Former baseball players have big, strong bones in old age

Decades after exercising, male athletes see health benefits persist

PLAYING HARDBALL  For professional ballplayers, a childhood spent throwing baseballs can make the upper arm bone of the throwing arm twice as strong as that of the nonthrowing arm. Though strength fades with age, some of the strength benefits last until former players are in their 80s.

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Got baseball?  Spending one’s youth playing catch is good for the bones, with benefits that last a lifetime.

Years of hurling balls boosted bone size, mass and strength in the throwing arms of current and former professional ballplayers, researchers report March 24 in the Proceedings of the National Academy of Sciences. Though bone mass withered away when players retired, some of the extra size and strength stuck around — even 50 years after the athletes last played ball.

“If you exercise when you’re young, it makes your bones bigger and stronger for life,” says study coauthor Stuart Warden, a bone physiologist at Indiana University in Indianapolis.

Scientists have known for years that childhood physical activity makes bones stronger. But no one knew just how long the benefit lasted or whether it fended off fractures and bone disease such as osteoporosis, Warden says.

He and colleagues recruited 103 current and former professional baseball players to look at the differences between throwing and nonthrowing arms. Pro ballplayers have typically spent their youths heaving horsehides, Warden says. Because the game and its training methods haven’t changed much in 100 years, his team could compare today’s athletes with those who played decades ago.

The upper arm bone of a professional baseball player’s throwing arm is bigger (see cross section of bone, left), stronger and more massive than that of his nonthrowing arm. Some of the strength and size benefits last for decades — even if athletes stop throwing. Courtesy of S. Warden
Bone scans revealed major league differences in the upper arm bone strength of men’s throwing and nonthrowing arms.

“Just by exercising, they’ve made their bone twice as strong as the same bone on the other side of their body,” Warden says. “There’s no drug that you can take that will do that.”

Compared with nonthrowing arms’, throwing arms’ upper arm bones also had larger cross-sectional areas and more mass.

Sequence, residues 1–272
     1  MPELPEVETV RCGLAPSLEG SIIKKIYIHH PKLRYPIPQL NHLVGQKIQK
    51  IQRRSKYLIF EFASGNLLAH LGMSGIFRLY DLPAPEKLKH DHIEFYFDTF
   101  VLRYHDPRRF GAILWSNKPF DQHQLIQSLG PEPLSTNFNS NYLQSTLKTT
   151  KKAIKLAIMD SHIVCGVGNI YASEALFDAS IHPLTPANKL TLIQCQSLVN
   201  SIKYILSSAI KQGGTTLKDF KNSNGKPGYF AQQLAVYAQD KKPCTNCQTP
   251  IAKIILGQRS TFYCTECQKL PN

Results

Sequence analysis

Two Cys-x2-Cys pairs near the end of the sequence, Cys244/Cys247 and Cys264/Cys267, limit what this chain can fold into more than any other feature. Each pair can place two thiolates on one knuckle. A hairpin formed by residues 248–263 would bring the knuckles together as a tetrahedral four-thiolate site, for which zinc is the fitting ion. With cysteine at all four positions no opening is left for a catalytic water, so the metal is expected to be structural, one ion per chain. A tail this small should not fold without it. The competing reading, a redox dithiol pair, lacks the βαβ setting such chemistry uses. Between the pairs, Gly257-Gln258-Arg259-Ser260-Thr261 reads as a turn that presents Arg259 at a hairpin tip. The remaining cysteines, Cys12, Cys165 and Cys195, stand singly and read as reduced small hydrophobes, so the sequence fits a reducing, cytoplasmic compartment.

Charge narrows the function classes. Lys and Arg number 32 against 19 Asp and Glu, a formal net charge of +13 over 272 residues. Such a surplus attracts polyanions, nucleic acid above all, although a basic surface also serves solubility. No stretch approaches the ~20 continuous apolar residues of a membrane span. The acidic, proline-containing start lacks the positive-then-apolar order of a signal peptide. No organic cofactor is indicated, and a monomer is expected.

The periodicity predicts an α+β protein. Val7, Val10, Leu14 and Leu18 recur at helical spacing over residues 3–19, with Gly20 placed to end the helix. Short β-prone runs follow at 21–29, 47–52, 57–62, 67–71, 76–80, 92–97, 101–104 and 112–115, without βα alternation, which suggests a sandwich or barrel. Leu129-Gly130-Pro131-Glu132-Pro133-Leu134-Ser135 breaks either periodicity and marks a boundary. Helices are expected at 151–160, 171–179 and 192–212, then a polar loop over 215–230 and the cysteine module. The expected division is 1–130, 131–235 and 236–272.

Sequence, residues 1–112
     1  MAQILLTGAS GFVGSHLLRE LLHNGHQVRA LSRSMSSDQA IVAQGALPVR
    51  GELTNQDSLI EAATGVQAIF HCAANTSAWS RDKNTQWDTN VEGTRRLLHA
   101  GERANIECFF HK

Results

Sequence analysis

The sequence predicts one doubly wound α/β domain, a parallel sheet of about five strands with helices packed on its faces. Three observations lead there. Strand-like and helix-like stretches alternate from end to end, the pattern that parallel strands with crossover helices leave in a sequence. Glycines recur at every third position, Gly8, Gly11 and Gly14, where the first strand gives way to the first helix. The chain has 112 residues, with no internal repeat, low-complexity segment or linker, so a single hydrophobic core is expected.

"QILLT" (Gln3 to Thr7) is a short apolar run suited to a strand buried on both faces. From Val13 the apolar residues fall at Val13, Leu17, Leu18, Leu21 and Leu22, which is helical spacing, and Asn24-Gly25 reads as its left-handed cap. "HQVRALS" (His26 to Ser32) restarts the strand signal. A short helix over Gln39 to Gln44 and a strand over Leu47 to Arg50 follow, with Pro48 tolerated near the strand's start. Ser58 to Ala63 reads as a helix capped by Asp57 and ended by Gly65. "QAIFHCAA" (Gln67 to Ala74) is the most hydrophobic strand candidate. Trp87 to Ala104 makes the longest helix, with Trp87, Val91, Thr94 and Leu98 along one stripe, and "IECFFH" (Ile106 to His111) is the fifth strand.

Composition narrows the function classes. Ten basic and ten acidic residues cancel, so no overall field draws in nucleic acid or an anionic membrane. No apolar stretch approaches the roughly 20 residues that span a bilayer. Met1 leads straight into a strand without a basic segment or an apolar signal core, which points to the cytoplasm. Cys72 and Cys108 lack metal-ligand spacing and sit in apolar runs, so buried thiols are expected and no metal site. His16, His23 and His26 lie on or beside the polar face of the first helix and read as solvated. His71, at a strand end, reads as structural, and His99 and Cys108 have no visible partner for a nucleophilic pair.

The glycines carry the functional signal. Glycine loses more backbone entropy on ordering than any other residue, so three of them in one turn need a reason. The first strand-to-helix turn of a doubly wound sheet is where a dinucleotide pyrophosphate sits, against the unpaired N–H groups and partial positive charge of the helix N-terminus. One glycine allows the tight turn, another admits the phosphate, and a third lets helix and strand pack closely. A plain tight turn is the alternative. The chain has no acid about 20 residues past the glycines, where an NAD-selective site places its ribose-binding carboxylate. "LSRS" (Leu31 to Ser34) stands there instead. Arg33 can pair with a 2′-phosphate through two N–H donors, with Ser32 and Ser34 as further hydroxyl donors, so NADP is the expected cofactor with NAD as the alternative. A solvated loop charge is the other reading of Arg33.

All of these bone benefits dwindled after players permanently stepped away from the plate, and mass gains eventually faded away completely. But retirees in their 80s kept more than half of the bone size benefits and a third of the strength benefits built up in their youth.

Still, people who don’t grow big bones in childhood haven’t struck out entirely on bone health: They might be able to cover their bases by exercising throughout adulthood. Former ballplayers who continued to throw staved off bone loss and retained more bone strength than those who didn’t.

The study convincingly shows that “you can expect some permanent benefits from physical activity,” says bone specialist René Rizzoli of Geneva University Hospitals in Switzerland. “This is an important public health issue.”

Kids who spend their time in front of the TV instead of at Little League games could miss out on a critical bone-building window that closes after puberty. “If we can get more children out and active, we can improve their bone health,” says kinesiologist Adam Baxter-Jones of the University of Saskatchewan in Saskatoon, Canada. Otherwise, he says, kids “will increase their risk of developing bone disease.”

Meghan Rosen is a staff writer who reports on the life sciences for Science News. She earned a Ph.D. in biochemistry and molecular biology with an emphasis in biotechnology from the University of California, Davis, and later graduated from the science communication program at UC Santa Cruz.

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